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Archive for the ‘balancing dissertation with work and family’ Category

You sit down to write, and what’s that you’re doing? Without a second thought, you are checking the cnn.com weather app, thinking about how much colder it is where your grandma lives. And now you’re skimming email. What was that you wanted to check?  Oh, yes, you noticed that Marcus Mumford was wearing a wedding band during the Another Day/Another Time folk music concert on TV.  And you’re off on another Google search to find out who is his wife.

You are sitting in front of your screen, and your fingers are moving, but you are in the clutches of resistance, once again. Flight has prevailed over fight.

The Turnaround Artist

I received some praise recently—someone called me a turnaround artist.

It’s an interesting tag. Typically, a turnaround artist is a business person who is takes over a company that is falling behind.

To turn around a lagging writing project also takes drastic action, not unlike rescuing lagging stocks or companies and transforming them.

However, before a coach is a turnaround artist, the writer has to sign on for the transformation and then show up. The coach needs the writer also to become a turnaround artist.

Do Something Daring—Manage Your Writing for a One-Month Experiment

Is having a huge, long-term goal so over powering that each day you have to fight insecurities or the threat of the imposter syndrome? If you are feeling some danger around this project (that old lions-are-going- to-eat-me-if-I don’t- flee feeling), then do something daring. Hatch a plan that puts you on the front line. Challenge yourself to an experiment for a month during which you will not only write, but you will also practice oversight. During the experiment, evaluate time spent, your progress, areas where you need more learning, and personal growth.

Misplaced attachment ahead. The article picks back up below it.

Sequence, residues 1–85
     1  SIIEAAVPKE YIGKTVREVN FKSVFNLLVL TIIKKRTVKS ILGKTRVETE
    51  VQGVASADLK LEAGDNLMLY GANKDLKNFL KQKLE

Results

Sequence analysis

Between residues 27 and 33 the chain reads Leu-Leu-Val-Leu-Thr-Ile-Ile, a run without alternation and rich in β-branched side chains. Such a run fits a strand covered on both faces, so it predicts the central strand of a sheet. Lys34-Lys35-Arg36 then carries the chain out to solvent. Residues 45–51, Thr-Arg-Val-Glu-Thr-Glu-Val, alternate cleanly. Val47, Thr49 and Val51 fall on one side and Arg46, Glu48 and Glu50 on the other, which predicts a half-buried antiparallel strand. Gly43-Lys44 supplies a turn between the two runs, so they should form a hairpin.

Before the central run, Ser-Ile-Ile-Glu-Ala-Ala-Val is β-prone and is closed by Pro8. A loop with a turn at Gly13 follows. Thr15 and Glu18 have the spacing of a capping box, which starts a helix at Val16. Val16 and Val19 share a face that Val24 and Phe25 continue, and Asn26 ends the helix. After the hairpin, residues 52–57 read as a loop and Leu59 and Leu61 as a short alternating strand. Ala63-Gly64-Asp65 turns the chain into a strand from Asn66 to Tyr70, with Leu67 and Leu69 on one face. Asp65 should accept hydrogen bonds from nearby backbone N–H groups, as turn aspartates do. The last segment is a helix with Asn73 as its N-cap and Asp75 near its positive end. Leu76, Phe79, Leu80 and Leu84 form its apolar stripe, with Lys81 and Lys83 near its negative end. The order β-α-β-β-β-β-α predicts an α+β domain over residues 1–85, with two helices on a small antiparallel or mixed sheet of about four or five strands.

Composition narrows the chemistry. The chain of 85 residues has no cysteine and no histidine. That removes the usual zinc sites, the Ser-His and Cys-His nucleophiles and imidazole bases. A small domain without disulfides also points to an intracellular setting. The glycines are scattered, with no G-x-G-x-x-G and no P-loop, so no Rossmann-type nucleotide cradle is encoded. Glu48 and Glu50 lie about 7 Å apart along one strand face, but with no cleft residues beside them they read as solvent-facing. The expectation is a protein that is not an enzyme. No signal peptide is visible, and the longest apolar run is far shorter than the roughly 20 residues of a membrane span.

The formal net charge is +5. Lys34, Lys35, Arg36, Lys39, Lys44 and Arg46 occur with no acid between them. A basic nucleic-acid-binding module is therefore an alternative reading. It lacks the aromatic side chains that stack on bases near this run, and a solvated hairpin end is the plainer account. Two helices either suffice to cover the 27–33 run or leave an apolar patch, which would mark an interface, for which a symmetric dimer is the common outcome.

I was talking recently to a person with a background in accountancy. She says that her decisions are data-driven, or as close to that as possible. Numbers don’t lie, she says. Taking that approach during your one-month experiment could be an eye-opener. What data could you keep track of? What is measurable in your writing process? Time spent on task on a day-by-day basis. Number of “have-done” tasks that you keep track of during the week. Number of words written or number of pages written.  And especially the number of setbacks and reworkings or restarts.

Uncomfortable Is Normal

Acknowledge that this work has unfairly brought forth all of your insecurities. You have not written a dissertation before, and so you may not have specific experience to fall back on. You aren’t on a military maneuver, and so there isn’t a manual. Nevertheless, you have survived other new and unsettling situations and you have even flourished. Look forward to flourishing, but for now ride out the uncomfortable feeling, and, if it helps, know that writing a dissertation is seldom comfortable. Over the month-long experiment, notice and collect evidence/data on how you are building resilience and courage. For instance, you could benefit from learning how many times this week/month you sat down and worked on your writing project even when you felt anxious or uncomfortable.

Practice Oversight of Your Writing for More Life Balance

Turn around your inefficient, sluggish, time-suck of a writing process. Use your professional or home-grown skills to trim and reset your project so that it fits into the time you have available. Then writing will be one thing that you do, along with having a rich personal life and a job.

It’s a good thing to call in an outsider when you need some honest talk and a different perspective, but each writer must put on the hat and glasses of the outsider and view one’s work habits and writing with fresh eyes.